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ERIC Number: EJ1039933
Record Type: Journal
Publication Date: 2013-Aug
Pages: 23
Abstractor: As Provided
Reference Count: 44
ISSN: ISSN-1556-1623
Metacognitive Monitoring in University Classes: Anticipating a Graded vs. a Pass-Fail Test Affects Monitoring Accuracy
Barenberg, Jonathan; Dutke, Stephan
Metacognition and Learning, v8 n2 p121-143 Aug 2013
Three field studies tested the hypothesis that anticipating a graded test as opposed to a pass-fail test enhances metacognitive monitoring. Participants were teacher candidates who completed a mid-term and a final test in psychology courses. Each participant chose whether the result of the final test should be evaluated with one of five grades or with a pass-fail decision. In both tests, participants answered true-false inference items about the contents of the course and indicated their confidence in the correctness of each answer. When a graded test was expected, confidence and the absolute accuracy of the confidence judgments increased and bias decreased to a greater extent than when a pass-fail decision was expected. However, expecting a grade increased participants' confidence not only in correct answers but also in incorrect answers (Study 1). Feedback and instructions emphasizing the importance of accurate discrimination between correct and incorrect answers did not weaken this effect (Study 2). The generalizability of the findings was investigated by reanalyzing the test results of participants in eight other psychology courses (Study 3). The results are discussed in terms of the motivational consequences of grading.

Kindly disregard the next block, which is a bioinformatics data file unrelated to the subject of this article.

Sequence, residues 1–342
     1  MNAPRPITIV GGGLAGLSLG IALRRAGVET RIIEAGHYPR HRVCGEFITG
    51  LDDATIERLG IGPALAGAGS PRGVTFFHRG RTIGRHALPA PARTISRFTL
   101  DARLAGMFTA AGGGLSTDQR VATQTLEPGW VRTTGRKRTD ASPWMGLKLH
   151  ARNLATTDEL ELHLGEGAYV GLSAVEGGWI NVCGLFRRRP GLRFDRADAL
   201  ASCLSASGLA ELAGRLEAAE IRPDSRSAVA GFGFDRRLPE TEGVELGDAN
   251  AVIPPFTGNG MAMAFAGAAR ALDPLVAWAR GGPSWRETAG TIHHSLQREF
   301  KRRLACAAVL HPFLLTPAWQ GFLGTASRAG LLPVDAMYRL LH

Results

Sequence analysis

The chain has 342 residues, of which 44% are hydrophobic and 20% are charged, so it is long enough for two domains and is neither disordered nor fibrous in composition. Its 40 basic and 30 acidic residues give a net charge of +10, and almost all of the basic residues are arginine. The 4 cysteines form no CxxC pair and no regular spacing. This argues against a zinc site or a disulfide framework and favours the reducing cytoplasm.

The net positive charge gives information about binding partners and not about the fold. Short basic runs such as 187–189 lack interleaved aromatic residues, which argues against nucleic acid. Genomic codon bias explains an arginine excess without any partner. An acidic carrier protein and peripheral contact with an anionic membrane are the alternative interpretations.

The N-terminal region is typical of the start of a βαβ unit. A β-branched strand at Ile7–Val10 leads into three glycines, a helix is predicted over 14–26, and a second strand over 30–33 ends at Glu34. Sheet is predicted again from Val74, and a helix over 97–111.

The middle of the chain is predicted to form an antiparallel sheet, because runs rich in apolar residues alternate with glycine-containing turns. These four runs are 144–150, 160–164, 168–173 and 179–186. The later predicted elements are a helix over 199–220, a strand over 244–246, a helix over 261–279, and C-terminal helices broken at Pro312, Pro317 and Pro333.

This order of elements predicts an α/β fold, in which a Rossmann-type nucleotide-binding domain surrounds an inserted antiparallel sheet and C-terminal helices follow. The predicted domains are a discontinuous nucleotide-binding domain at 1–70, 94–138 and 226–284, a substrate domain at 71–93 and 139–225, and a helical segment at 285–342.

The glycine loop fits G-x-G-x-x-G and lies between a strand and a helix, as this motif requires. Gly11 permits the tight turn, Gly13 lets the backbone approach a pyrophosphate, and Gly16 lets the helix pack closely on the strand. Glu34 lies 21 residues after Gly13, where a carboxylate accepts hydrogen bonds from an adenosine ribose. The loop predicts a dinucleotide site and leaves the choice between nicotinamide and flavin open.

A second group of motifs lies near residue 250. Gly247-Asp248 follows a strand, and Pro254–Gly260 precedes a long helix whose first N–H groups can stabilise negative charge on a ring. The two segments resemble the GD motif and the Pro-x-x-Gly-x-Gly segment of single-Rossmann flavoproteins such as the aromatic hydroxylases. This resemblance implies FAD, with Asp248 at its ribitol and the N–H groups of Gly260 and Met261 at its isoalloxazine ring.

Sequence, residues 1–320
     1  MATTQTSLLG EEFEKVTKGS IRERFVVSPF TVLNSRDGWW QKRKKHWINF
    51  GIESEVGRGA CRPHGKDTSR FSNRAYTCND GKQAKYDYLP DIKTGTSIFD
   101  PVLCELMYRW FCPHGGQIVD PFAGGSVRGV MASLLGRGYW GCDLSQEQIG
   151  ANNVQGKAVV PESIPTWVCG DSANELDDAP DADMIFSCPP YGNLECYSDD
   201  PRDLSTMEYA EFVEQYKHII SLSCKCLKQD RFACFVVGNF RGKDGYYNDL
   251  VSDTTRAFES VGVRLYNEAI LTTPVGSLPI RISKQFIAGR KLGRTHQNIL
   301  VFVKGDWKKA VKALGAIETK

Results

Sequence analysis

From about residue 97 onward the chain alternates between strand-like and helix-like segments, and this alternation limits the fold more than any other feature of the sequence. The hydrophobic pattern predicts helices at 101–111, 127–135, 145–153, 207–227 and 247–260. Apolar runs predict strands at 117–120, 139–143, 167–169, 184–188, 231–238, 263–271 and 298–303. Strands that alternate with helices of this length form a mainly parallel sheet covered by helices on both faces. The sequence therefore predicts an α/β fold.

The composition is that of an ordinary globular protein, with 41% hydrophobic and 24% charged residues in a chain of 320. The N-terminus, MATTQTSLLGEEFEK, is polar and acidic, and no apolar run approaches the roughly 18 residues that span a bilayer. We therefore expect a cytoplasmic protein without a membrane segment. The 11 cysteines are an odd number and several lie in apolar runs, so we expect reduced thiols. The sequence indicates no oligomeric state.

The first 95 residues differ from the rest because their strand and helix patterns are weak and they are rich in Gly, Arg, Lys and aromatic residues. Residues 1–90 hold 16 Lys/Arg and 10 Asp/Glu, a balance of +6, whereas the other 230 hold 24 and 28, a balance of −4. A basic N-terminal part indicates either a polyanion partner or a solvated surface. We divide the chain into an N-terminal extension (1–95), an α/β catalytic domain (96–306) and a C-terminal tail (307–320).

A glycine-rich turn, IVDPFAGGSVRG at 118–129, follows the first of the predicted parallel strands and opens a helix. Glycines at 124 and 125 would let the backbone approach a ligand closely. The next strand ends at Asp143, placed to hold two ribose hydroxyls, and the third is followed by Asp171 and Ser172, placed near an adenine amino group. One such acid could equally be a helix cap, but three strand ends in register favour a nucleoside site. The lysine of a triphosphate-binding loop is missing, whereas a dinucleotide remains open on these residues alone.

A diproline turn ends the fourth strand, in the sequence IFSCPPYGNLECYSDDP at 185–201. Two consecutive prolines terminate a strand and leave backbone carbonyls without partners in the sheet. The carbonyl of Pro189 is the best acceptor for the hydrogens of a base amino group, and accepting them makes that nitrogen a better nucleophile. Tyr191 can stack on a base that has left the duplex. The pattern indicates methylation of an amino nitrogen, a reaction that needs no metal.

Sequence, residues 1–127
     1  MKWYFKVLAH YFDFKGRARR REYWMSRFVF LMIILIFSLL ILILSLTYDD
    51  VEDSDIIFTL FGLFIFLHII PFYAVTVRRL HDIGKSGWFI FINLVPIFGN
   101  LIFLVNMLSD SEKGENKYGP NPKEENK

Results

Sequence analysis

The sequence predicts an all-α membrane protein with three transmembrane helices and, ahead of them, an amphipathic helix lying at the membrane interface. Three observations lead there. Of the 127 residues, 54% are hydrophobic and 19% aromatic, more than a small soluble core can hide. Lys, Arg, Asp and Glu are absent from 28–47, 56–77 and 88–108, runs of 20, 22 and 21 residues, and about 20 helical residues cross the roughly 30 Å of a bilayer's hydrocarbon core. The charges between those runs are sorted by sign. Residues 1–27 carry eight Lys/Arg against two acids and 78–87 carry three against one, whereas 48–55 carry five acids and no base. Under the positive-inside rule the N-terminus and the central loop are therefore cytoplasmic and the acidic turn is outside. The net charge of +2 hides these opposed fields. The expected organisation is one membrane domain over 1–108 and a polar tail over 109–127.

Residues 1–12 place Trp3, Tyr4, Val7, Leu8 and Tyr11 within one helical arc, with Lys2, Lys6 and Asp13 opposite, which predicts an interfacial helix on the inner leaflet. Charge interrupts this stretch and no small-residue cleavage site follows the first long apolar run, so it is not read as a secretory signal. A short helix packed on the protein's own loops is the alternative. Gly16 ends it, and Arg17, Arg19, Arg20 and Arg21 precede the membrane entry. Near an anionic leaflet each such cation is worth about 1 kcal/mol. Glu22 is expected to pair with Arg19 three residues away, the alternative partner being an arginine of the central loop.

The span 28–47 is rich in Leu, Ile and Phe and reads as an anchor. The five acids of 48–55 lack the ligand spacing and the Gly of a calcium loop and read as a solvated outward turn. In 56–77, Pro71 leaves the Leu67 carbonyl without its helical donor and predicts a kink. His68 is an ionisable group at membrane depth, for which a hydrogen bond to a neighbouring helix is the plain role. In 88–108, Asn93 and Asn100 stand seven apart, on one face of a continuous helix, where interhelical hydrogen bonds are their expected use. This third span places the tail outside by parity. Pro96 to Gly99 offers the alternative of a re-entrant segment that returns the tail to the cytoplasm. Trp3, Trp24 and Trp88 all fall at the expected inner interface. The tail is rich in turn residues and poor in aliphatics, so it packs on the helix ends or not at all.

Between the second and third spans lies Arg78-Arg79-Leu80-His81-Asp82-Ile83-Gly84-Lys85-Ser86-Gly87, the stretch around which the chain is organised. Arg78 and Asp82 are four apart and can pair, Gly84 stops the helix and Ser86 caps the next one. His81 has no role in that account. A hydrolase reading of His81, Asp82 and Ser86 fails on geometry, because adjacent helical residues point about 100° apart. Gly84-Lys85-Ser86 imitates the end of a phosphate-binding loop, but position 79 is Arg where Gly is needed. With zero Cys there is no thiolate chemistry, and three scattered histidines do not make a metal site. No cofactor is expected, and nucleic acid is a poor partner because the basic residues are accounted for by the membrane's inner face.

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Publication Type: Journal Articles; Reports - Research
Education Level: Higher Education; Postsecondary Education
Audience: N/A
Language: English
Sponsor: N/A
Authoring Institution: N/A